Medline ® Abstract for Reference 17
of 'Sleepwalking and other parasomnias in children'
Autosomal dominant nocturnal frontal lobe epilepsy with a mutation in the CHRNB2 gene.
Díaz-Otero F, Quesada M, Morales-Corraliza J, Martínez-Parra C, Gómez-Garre P, Serratosa JM
Epilepsia. 2008 Mar;49(3):516-20. Epub 2007 Sep 26.
Autosomal dominant nocturnal frontal lobe epilepsy (ADNFLE; MIM 600513) has been associated with mutations in the genes coding for the alfa-4 (CHRNA4), beta-2 (CHRNB2), and alpha-2 (CHRNA2) subunits of the neuronal nicotinic acetylcholine receptor (nAChR) and for the corticotropin-releasing hormone (CRH). A four-generation ADNFLE family with six affected members was identified. All affected members presented the clinical characteristics of ADNFLE. Interictal awake and sleep EEG recordings showed no epileptiform abnormalities. Ictal video-EEG recordings showed focal seizures with frontal lobe semiology. Mutation analysis of the CHRNB2 gene revealed a c.859G>A transition (Val287Met) within the second transmembrane domain, identical to that previously described in a Scottish ADNFLE family. To our knowledge, this is the third family reported presenting a mutation in CHRNB2. The clinical phenotype appears similar to that described with mutations in CHRNA4, suggesting that mutations in these two subunits lead to similar functional alterations of the nAChR.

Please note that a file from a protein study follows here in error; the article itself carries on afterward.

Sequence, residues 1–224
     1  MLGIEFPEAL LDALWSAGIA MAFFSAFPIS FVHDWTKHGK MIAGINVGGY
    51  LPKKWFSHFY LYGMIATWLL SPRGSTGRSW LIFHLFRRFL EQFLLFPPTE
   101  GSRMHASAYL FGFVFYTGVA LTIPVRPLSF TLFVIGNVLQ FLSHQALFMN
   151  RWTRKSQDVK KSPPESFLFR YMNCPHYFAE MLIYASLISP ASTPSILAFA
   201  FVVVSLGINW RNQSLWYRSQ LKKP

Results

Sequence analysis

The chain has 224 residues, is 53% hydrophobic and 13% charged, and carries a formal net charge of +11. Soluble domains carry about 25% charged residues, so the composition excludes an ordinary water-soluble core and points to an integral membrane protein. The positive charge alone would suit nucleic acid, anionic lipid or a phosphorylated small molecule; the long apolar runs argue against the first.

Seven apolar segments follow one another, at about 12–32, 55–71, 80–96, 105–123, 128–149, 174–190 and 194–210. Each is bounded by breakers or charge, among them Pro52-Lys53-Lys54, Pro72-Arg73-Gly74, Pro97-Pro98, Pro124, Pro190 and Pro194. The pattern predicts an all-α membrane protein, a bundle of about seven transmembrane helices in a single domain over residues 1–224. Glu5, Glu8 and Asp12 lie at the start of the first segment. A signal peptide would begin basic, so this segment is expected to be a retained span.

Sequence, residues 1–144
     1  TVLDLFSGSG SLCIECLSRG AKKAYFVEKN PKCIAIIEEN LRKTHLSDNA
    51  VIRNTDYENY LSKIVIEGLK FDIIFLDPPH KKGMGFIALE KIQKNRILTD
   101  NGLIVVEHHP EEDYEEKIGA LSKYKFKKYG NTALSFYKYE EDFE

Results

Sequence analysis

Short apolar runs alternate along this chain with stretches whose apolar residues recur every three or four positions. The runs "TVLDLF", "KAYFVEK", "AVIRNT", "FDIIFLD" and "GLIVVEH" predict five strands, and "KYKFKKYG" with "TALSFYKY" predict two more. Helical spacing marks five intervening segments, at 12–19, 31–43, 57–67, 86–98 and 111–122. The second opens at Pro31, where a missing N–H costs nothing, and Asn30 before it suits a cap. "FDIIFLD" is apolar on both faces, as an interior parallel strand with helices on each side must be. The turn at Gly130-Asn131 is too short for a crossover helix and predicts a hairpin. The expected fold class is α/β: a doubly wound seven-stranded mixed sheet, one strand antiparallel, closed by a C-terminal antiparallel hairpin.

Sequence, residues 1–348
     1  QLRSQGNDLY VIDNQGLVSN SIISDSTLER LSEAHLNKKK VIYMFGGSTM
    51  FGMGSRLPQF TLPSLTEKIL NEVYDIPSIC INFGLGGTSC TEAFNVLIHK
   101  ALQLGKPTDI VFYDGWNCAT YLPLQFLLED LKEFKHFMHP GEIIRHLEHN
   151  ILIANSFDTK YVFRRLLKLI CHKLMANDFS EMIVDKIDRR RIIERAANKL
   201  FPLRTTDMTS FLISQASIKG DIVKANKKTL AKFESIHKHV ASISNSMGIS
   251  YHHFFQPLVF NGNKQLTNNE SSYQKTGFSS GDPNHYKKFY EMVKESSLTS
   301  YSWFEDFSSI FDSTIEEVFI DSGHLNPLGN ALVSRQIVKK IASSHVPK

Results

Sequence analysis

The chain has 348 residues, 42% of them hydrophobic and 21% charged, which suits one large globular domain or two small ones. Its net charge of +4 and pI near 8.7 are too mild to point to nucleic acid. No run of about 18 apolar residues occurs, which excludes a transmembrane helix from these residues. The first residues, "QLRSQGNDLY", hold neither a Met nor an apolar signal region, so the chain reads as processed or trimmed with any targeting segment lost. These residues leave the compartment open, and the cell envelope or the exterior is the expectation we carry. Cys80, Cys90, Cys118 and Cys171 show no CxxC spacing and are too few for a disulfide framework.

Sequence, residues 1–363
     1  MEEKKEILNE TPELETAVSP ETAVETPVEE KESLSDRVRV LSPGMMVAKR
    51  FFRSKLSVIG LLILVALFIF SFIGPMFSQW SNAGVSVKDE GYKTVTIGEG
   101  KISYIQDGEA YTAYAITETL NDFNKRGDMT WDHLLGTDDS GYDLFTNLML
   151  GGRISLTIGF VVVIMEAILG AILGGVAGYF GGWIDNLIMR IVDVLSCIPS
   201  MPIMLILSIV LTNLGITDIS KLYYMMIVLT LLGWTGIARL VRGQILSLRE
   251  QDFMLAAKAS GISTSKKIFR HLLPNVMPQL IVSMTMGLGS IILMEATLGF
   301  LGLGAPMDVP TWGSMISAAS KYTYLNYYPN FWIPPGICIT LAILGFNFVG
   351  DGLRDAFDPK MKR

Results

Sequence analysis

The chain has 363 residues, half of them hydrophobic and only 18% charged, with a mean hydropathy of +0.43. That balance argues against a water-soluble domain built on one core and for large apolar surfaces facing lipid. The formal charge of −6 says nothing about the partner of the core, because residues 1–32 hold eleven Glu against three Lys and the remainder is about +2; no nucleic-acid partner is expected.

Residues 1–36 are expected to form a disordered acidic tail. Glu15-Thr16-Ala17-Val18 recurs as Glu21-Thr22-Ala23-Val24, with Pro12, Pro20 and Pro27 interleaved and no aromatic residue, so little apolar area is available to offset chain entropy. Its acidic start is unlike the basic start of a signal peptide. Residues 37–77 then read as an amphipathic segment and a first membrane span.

Epilepsy Unit, Neurology Service, Fundación Jiménez Díaz, Madrid, Spain.